THAT was a terrific moment. I think this show is really creating a cast of characters that are strangely realistic, despite their unrealistic eccentricities. Notice that no single character is purely evil, even on the opposing team. The big bully of a catcher on that team has one of the great redeeming moments in the arc near its end, and even before that, becomes one we sympathize with when he’s chastised by Mihoshi’s catcher. Also, Mihashi’s teammates aren’t divided into “we support you” and “we don’t support you, but your kind personality and stellar pitching will eventually turn around” groups. They support him because he’s their pitcher, and they’ll stand behind him. That’s what baseball, particularly in the lower levels, is like.
And I think the perfect game, too, was a realistic possibility, for two reasons. First, the show establishes that Mihashi has excellent control and knows many of the batters inside-out. But secondly, consider this is a practice game. Not only are the batters going at half-speed, but early in baseball seasons (particularly in spring training), pitchers have advantages over batters. It makes sense on that level, though I doubt the creator ever thought that far.
And looking back at support, what Mihashi’s teammates have done and how they feel make it so much easier to look at something else the anime introduced: pressure. The pressure for Mihashi not to allow the other team to get runs, the pressure for his teammates to score runs and hit the ball, the pressure to not be tripped up by the other team’s trick balls: pressure is everywhere. Not just in this game but in all of them.
As an athlete myself, I have always found it amazing how much different it is to deal with pressure to succeed when you have a good team versus a bad team. My most remarkable experiences of my recent years have been with my cross-country teammates, a group of over one hundred members, but also some of the most wonderful girls I have ever met and easily the most supportive people I know. As a team we ave always pushed each other to succeed, but we have also appreciated each other’s strengths and weaknesses.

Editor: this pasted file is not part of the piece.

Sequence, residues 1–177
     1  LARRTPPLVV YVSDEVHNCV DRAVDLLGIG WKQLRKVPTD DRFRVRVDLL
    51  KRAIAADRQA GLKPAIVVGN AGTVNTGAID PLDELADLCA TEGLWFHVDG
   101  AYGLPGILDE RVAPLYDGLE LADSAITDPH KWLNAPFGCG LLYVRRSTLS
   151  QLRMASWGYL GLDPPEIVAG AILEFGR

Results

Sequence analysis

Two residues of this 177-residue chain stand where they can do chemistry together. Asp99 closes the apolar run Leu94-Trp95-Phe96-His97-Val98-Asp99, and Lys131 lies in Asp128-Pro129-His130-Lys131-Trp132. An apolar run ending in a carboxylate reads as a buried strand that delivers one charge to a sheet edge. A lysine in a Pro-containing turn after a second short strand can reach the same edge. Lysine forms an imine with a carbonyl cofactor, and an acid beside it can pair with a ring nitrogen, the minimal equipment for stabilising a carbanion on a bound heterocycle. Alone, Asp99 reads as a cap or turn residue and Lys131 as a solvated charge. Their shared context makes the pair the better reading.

<Random insert> You’re an athlete? You’ve suddenly got me thinking of Suzuka, with your tsundere self. Actually, you’re not really tsundere, are you? I’ll just pretend…
<random response> I am an athlete! I always have been, actually. But you can imagine whatever you want…~
<more randomness> You’re very Suzuka. You know, hard, gruff, and insanely unlikable. And athletic.
<final randomness> Why are old men like you so mean? Stupid old men…A-Anyway…
Our team is good. We have many state championships under our belt. But even when our best girls graduated and we had to start the season with a team of only mediocre runners, we managed to push together to support our runners, enable them to make it to the state competition despite their challenges, and though they did not win, we never blamed them.
It’s a special sort of teamwork.
And a team is all about trust, be it in baseball, cross-country, or anything else. So watching Mihashi and Abe learn to trust, watching the coach learn to trust her players, and hopefully watching the players learn to trust each other is going to be a wonderful ride.
Yay, now time to watch more episodes and forget the utter disappointment that the Spring anime season is turning out to be!
What Spring anime season? Teehee.